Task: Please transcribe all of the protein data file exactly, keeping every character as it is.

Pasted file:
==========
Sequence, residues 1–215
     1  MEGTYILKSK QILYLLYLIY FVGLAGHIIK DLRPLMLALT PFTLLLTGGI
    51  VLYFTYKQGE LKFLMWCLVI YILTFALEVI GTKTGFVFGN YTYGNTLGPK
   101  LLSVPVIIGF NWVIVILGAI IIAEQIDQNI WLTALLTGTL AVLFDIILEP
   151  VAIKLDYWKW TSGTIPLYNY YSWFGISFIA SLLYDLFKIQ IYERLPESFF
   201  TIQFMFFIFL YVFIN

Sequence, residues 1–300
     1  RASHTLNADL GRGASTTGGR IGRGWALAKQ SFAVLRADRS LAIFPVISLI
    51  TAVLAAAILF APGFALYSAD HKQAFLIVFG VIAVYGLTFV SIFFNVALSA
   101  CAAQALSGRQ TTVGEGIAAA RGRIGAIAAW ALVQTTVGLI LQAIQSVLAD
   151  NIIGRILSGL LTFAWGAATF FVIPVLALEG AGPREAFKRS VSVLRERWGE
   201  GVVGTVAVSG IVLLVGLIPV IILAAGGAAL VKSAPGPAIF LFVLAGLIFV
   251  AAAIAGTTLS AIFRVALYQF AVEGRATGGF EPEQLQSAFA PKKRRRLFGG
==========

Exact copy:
Sequence, residues 1–215
     1  MEGTYILKSK QILYLLYLIY FVGLAGHIIK DLRPLMLALT PFTLLLTGGI
    51  VLYFTYKQGE LKFLMWCLVI YILTFALEVI GTKTGFVFGN YTYGNTLGPK
   101  LLSVPVIIGF NWVIVILGAI IIAEQIDQNI WLTALLTGTL AVLFDIILEP
   151  VAIKLDYWKW TSGTIPLYNY YSWFGISFIA SLLYDLFKIQ IYERLPESFF
   201  TIQFMFFIFL YVFIN

Sequence, residues 1–300
     1  RASHTLNADL GRGASTTGGR IGRGWALAKQ SFAVLRADRS LAIFPVISLI
    51  TAVLAAAILF APGFALYSAD HKQAFLIVFG VIAVYGLTFV SIFFNVALSA
   101  CAAQALSGRQ TTVGEGIAAA RGRIGAIAAW ALVQTTVGLI LQAIQSVLAD
   151  NIIGRILSGL LTFAWGAATF FVIPVLALEG AGPREAFKRS VSVLRERWGE
   201  GVVGTVAVSG IVLLVGLIPV IILAAGGAAL VKSAPGPAIF LFVLAGLIFV
   251  AAAIAGTTLS AIFRVALYQF AVEGRATGGF EPEQLQSAFA PKKRRRLFGG